Interior moves to scrap fossil fuel valuation rule

Source: Ellen M. Gilmer and Dylan Brown, E&E News reporters • Posted: Monday, August 7, 2017

The Interior Department is moving forward with scratching an Obama era rule related to calculating the value of fossil fuels on federal land. Department of Interior

The Trump administration will carry through on reversing recent changes made to how the federal government values coal, oil and natural gas for assessing royalties.

The Office of Natural Resources Revenue (ONRR) will publish a final rule undoing the Obama administration’s fossil fuel valuation rule in Monday’s edition of the Federal Register. Thirty days later, the agency will revert to its previous standards.

Last year, ONRR finalized new requirements that would have based royalties on the value of a commodity at the first “arm’s length” transaction, among other reforms.

Critics applauded closing what they saw as a loophole allowing companies, mainly coal mining firms, to sell their product to subsidiaries or affiliates at deflated prices.

The industry responded with several lawsuits to halt what it called “complex, difficult to implement, and far less reliable” standards.

After putting implementation on hold in February, the Trump administration identified “significant defects in the rule that would have undermined its purpose and intent.”

ONRR said the changes compromised the agency’s mission to collect mineral revenues and conflicted with President Trump’s executive order to eliminate regulations that burden energy development.

ONRR also noted that Interior Secretary Ryan Zinke has begun the process to re-establish the Royalty Policy Committee, a defunct federal advisory panel, when he lifted the previous administration’s coal leasing moratorium in March (Greenwire, March 29).

Legal implications

Supporters of the Obama rule have not yet signaled whether they plan to sue over the repeal, but the move is expected to have immediate implications for ongoing litigation over Interior’s earlier efforts to delay compliance deadlines.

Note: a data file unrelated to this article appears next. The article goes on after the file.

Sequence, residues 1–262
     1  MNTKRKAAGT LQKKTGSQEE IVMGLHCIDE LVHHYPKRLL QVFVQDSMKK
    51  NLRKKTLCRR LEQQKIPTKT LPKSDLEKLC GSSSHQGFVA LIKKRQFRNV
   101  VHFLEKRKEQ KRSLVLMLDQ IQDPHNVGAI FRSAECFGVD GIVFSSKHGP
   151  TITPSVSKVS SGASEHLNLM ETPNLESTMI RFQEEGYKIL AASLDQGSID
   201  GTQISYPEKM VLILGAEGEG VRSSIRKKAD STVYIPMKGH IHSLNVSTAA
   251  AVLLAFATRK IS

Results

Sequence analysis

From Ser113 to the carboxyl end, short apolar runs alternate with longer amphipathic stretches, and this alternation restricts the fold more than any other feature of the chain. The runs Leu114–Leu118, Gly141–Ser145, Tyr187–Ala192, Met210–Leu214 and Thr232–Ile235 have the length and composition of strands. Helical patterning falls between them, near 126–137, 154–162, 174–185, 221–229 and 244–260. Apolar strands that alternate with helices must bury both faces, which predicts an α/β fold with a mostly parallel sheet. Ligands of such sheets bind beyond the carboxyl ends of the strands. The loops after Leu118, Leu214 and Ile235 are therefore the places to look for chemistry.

California and New Mexico filed suit in April, arguing that Interior had no authority to sideline the rule before completing a public notice and comment process.

Now, Justice Department lawyers representing Interior are expected to ask the U.S. District Court for the Northern District of California to dismiss the case as moot in light of the finalized repeal.

The lawsuit has been closely watched in recent months, both for its potential direct impacts and for its focus on a legal question that has arisen in debates over another Interior regulation: the Bureau of Land Management’s Methane and Waste Prevention Rule.

For both rules, Interior invoked authority under Section 705 of the Administrative Procedure Act to delay compliance requirements. The APA provision allows agencies to postpone the effective dates of rules that are subject to litigation.

States and environmental groups in both cases pushed back on the delays, arguing that Section 705 did not apply to either rule because both had already taken effect before Interior moved to stall them.

Both cases are in California’s Northern District, and the eventual outcome in the valuation lawsuit was expected to serve as a strong indicator of how the methane litigation would play out.

Trump administration lawyers will likely move to dismiss the valuation case Monday, when the rollback is formally published in the Federal Register.